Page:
Four years ago yesterday I was a full-time working mother of a one-year-old little girl. I lived in downtown Baltimore and, aside for the issue of parking, still loved it.
Pretty much everything has changed since then. And yet, when I watched the inauguration this morning (this time from the elliptical at the gym and then from my couch), I felt very much the same as I did four years ago. In that spirit, I'm sharing my post from four years and one day ago, originally posted here.
It does not offend my sensibilities or seem contradictory to me to choose the things I believe in from whichever side, then weigh them to see who comes out on top (or least on the bottom), even if that means an R on one ballot column and a D on another. Aside from the irritation I have over not being able to vote in primaries as a voter of undeclared loyalty, this works for me. I believe there is only one man who ever could have saved us and changed everything, and he's already been here once, and he's not the president. Still, I'm not easily sucked into "the sky is falling," overwrought predictions. I think if I say God is in control, then I should act like it, not like the leader of the free world has more power than the one who created it. But still, it's complicated.
Living in proximity to D.C. probably sounds much more exciting than it usually is. In college in North Carolina, the 7-foot Australian I had driven to the grocery store boasted that his home was 30 minutes from members of the then-popular band, Savage Garden. "Really," I said casually, "Well I live about 30 minutes from the President of the United States. You might have heard of him." But everyone here knows that distance rarely has any impact on how long it takes to get somewhere, and that in many ways, Baltimore is a world away from D.C. So I brag about my friend on Capitol Hill, and friends from the south think I'm savvy, but I just pay attention; I don't really know. Even so, the week leading up to the inauguration was interesting. I took for granted the signs above the Baltimore-Washington Parkway I travel every day that said, "Inauguration Jan 20. Expect Heavy Delays." Friends and colleagues were off because they couldn't get to work. Others I knew stayed home to watch TV; others I knew were actually in the thick of it. But not me.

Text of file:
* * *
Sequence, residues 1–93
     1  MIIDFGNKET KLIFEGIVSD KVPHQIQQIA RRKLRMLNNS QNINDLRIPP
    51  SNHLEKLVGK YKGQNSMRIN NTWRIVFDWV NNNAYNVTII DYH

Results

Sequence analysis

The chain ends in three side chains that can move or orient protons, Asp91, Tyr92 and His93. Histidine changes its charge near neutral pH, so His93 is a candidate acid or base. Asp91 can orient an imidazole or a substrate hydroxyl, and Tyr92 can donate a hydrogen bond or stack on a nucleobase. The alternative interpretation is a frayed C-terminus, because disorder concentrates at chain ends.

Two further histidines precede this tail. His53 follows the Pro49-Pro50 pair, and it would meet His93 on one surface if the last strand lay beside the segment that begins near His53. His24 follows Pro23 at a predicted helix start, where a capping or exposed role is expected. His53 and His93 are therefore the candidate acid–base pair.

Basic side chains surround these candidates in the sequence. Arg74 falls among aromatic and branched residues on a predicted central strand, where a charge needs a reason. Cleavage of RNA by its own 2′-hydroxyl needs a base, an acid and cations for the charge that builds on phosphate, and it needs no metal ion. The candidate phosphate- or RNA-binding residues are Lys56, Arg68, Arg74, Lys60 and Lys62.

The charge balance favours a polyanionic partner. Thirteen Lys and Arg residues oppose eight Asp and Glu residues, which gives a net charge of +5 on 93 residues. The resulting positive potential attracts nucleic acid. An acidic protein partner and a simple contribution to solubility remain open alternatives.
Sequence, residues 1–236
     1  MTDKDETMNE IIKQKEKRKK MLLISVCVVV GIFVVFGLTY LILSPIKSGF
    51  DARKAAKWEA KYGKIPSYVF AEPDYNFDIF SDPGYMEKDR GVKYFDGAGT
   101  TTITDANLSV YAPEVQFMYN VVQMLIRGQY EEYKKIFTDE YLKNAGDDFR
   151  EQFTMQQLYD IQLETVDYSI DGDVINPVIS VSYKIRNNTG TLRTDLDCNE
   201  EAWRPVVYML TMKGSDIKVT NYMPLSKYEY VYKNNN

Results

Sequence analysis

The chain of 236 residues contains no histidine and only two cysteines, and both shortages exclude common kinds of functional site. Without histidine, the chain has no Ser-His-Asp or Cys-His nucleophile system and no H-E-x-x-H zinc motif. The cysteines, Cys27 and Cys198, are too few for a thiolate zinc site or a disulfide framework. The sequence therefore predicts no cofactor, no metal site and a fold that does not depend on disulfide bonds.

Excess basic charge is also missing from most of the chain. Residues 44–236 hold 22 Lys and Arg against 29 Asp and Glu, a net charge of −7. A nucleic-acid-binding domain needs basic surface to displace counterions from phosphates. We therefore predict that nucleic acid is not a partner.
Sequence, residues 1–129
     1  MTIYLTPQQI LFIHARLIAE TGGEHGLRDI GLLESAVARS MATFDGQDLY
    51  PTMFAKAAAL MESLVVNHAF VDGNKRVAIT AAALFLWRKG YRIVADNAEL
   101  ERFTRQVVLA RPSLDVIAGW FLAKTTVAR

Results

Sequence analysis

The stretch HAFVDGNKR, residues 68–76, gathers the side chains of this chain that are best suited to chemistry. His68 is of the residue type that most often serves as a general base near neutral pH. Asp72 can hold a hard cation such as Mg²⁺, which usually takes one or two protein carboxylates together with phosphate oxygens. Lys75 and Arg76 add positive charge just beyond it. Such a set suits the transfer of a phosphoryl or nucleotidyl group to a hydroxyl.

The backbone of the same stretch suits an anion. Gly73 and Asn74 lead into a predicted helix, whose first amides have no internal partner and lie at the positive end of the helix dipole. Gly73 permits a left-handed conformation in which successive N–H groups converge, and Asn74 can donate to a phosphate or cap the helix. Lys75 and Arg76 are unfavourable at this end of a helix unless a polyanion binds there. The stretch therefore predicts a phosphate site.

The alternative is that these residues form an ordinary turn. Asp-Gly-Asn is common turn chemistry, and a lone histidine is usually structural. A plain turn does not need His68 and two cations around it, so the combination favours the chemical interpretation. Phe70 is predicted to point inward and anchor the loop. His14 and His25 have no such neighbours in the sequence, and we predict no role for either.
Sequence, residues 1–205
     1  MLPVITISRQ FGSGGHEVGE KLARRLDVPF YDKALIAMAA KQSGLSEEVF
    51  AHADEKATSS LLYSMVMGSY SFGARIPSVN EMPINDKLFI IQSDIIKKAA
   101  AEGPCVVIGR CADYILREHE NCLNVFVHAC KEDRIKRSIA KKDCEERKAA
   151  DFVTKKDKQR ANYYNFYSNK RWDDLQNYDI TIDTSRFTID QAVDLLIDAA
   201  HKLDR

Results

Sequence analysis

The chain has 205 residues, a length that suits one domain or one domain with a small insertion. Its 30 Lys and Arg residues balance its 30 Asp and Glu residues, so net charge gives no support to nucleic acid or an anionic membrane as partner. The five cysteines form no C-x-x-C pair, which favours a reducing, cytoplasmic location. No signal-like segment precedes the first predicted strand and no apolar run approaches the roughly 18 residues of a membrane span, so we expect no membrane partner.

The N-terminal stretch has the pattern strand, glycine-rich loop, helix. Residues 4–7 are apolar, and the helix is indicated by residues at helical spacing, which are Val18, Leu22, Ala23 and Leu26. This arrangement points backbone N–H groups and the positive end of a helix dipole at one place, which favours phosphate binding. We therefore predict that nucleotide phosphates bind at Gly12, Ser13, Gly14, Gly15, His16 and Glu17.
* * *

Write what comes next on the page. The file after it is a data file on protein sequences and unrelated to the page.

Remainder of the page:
On Tuesday morning I stood in a dark conference room with a man I'd never met staring at the TV in the corner. "I'm glad they have it on somewhere," he said, watching the masses wait on the Mall. "Driving up 95 this morning, I felt really...lonely. During the election, no one here said anything. It's just so bizarre."
We discussed the unique environment where we work, which tends to be a bastion of Republican ideals in the middle of a very blue state. I told him, "Last week I mentioned concern about traffic on inauguration day, and a colleague said to me, 'I don't really think he's that popular around here, is he?'" Which, I guess, just proves you can always find someone to tell you what you want to hear. Later that morning we were joined by others who brought their lunch and sat mostly in silence to watch the ceremony, and it was a little less lonely.
No matter who you voted for, I think it's hard not to feel proud to be part of a country where it's possible to hold elections and execute peaceful transfers of power, to assemble millions of people in one place without a single arrest, and to elect as president a member of a race that was not so long ago in chains. And while I reject the idea that any one person could fix all that ails us, I hold a cautious hope that some change will do us good.